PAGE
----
Condo by the beach with pool and ocean view: $129 including taxes.
Late lunch at the ritzy resort next door: $10
Kona coffee, beach towels, beach chairs, parking. Priceless. As in free.
Even on Maui, one of Hawaii's priciest destinations, affordable luxuries await those skilled in the art of penny-pinching without pain.
Forget McDonald's and cheap motels. Four-star Maui on a two-star budget was my mission. To up the ante, I zeroed in on West Maui, the island's most expensive resort area, beloved for its calm waters, cool trade winds and beaches for snorkeling, surfing, swimming and people-watching.
With a little creative financing, it's possible to dine, sleep, swim and tour in style, without blowing the bank account or trading valuable beach time for high-pressure time-share offers.
A check on Biddingfortravel.com showed savvy travelers using Priceline's name-your-own-price scheme to score rooms at four-star resort hotels for $150 — not bad, considering Maui's average daily room rate was $226 last year, the highest of the four major islands. Still, with taxes, resort fees and parking fees pushing the average winning bid closer to $200, I decided to look elsewhere.
My heart soared when I saw a one-bedroom condo on Kaanapali beach — West Maui's signature beach with three miles of white sand and a paved waterside boardwalk — for $129 a night on the vacation-rental-by-owner site HomeAway.com. But an exchange of emails with the owner revealed extra charges, including an $85 cleaning fee.
Then I scored: Among the HomeAway listings was a unit at the family-friendly Napili Village, one of a string of low-rise, 1960s-style resorts in the residential community of Napili, a few miles north of Kaanapali. A newly renovated second-floor studio with an ocean view was $129, including taxes, with no cleaning or parking fees.
Well-tended gardens surrounded a sparkling, oval-shaped pool ringed by individually owned units. Ours came with a king bed, pullout sofa, TV, dining room, full kitchen and balcony overlooking the pool. It was just my husband, Tom, and me, but the room could easily have slept four, given a handy room divider that made the unit feel more like a one-bedroom than a studio.
Best of all were our neighbors:
—Snorkel Bob's, where we rented snorkel gear and boogie boards for $6, half what the big resorts charge.
—The Kapalua Resort, West Maui's ritziest neighborhood, home to the Ritz-Carlton and two world-class golf courses. The resort maintains extensive nature trails on the former Honolua Ranch and pineapple plantation. By law, Hawaii beaches are open to the public, and there are public showers, restrooms and parking at Kapalua beach.
—The Napili Kai resort, where room rates start at $250 per night. The resort's classy beach-side restaurant on tranquil Napili Bay became our home away from home for $7 Hawaiian sweet bread and French toast breakfasts and $5 happy-hour drinks and appetizers.
A colleague dropped by my desk, shaking his head at the $365 price he found for a weekly rental car at the Maui airport. I urged him to cancel his reservation and book at an off-airport rental office.
For the price of a $10 taxi ride (rental-car companies with off-airport offices can't pick you up), I snagged a weekly rate of $239 on an economy car through Enterprise's location two miles from Kahului Airport, versus $472 at the airport. (Prices can be higher in peak season.)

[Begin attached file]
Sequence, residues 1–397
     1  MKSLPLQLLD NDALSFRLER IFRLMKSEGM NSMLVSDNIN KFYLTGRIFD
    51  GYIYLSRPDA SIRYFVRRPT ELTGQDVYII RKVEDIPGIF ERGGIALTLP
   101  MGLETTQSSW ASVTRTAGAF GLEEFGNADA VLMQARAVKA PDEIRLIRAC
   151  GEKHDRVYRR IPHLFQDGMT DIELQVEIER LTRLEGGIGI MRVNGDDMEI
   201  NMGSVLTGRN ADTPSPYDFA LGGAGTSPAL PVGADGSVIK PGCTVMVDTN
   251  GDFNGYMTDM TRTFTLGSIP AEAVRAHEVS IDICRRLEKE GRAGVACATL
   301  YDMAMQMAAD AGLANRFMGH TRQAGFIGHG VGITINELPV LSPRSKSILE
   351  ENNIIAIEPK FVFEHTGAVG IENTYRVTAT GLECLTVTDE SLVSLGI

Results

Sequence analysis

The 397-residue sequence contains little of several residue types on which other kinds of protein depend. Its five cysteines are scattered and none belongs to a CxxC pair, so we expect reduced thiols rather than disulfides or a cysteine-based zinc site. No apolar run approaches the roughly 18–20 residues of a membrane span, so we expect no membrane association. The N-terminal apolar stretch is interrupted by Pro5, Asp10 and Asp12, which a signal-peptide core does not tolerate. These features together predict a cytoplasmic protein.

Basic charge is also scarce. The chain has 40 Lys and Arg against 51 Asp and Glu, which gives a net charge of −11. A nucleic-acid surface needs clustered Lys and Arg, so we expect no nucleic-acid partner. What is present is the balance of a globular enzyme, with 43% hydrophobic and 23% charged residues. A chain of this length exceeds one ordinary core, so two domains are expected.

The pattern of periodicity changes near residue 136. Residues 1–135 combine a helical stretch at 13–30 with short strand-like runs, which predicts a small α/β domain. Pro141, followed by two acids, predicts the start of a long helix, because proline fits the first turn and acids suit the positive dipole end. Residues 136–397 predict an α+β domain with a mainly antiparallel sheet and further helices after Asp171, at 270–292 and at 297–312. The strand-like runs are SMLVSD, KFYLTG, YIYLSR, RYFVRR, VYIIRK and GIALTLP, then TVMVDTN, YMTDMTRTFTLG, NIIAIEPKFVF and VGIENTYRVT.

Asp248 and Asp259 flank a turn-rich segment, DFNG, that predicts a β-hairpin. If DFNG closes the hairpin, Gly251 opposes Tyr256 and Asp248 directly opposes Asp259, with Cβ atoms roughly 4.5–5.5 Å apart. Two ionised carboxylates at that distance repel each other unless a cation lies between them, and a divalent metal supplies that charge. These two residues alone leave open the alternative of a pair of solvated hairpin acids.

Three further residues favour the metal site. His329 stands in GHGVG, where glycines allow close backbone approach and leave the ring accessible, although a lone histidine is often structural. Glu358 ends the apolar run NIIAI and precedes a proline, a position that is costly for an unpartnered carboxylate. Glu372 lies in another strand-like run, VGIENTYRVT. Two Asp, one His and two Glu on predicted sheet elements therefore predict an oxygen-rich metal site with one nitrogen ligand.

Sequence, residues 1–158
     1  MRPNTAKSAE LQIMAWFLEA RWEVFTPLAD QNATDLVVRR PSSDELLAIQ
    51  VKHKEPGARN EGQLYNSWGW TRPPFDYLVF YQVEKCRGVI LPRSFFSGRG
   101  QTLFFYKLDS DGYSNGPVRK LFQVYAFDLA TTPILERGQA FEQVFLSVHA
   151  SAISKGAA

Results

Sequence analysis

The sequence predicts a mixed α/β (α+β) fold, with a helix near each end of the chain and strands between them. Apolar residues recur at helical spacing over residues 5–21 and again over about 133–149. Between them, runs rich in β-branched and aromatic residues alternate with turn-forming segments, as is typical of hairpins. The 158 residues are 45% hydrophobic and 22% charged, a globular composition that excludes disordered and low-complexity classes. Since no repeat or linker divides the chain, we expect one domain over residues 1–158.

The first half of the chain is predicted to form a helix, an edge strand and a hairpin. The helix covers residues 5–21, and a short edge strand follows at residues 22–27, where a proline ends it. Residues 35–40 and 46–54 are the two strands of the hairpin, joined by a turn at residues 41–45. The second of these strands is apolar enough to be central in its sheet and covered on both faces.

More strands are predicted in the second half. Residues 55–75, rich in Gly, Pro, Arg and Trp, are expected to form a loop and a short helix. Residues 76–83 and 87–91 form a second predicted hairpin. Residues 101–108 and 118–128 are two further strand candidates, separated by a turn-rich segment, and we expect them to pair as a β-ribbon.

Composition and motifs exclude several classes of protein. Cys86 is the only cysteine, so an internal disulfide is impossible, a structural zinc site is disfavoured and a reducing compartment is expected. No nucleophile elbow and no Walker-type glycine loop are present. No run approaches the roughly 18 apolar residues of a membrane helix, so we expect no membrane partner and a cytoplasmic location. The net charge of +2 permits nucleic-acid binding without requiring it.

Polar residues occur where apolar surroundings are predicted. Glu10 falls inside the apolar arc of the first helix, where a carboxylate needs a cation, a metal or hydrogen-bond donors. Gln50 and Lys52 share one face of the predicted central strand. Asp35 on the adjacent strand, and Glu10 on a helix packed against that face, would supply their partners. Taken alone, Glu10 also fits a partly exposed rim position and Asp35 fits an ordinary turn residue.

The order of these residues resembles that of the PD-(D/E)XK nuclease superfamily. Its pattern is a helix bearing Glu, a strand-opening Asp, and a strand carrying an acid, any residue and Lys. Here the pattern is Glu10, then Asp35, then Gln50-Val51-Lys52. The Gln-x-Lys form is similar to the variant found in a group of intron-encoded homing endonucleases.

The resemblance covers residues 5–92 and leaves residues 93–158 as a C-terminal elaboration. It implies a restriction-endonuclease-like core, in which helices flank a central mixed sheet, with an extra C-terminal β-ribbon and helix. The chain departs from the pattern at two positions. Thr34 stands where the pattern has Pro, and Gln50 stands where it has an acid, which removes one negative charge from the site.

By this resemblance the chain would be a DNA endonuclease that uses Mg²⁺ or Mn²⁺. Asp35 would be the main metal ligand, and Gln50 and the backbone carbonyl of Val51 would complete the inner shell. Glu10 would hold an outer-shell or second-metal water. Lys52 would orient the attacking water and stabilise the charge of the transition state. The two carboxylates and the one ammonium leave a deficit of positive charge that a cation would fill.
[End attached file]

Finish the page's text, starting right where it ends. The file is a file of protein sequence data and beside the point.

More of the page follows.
The surprise: Except for taking the car on some scenic drives, we left it parked most of the time. Everything we wanted to do was within a short walk or half-hour ride on the $1 Maui bus, the county-operated transit system with 12 routes and hourly service.
A shopping center filled with luxury stores seemed an unlikely place to hunt for bargains, but the bus stops at Whalers Village, a megamall fronting on Kaanapali beach. After a quick look around the free Whalers VillageMuseum, we happy-hour-hopped our way along the oceanfront boardwalk, assembling a movable feast of cheap drinks and appetizers at fancy restaurants where dinner for two can run $100 or more.
The best people-watching was at Leilani's, a beach restaurant near the Westin and Hyatt hotels. High hedges blocked views of the water, but the $4 margaritas and five kinds of sliders made for a budget-friendly early dinner.
Duke's Beach Club near Black Rock, a favorite snorkeling spot by the Kaanapali Sheraton, was quieter and more elegant. Happy hour here was on a shaded deck with a clear ocean view.
Most of the restaurants have live bands at happy hour. Whalers Village sponsors free nightly outdoor jazz concerts and dance performances by students from local hula schools, easier on the wallet than the expensive hotel luaus.
Lazing around, swimming, snorkeling and surfing sound appealing, but almost everyone eventually looks beyond the beach. We hiked in style along the Kapalua Coastal Trail, a 1.7-mile path that's part of the trail system maintained by the Kapalua Resort Assn. The trail skirts sand dunes, a seabird sanctuary, four beaches and ancient burial sites.
Guidebooks often recommend a trip to historic Lahaina in the evening to watch the sunset, but after making several trips there on the bus, our favorite time was morning, when the temperatures were cooler and the crowds smaller.
Using a free walking-tour map, we explored art galleries, small museums and historical sites recalling Lahaina's history as a 19th century whaling and trading port. Memorable were the Wo Hing Museum, a Taoist Chinese temple built in 1912 from a Sears Roebuck kit, and an abandoned prison, where townspeople were once jailed for crimes such as "furious riding."Copyright © 2015, Los Angeles Times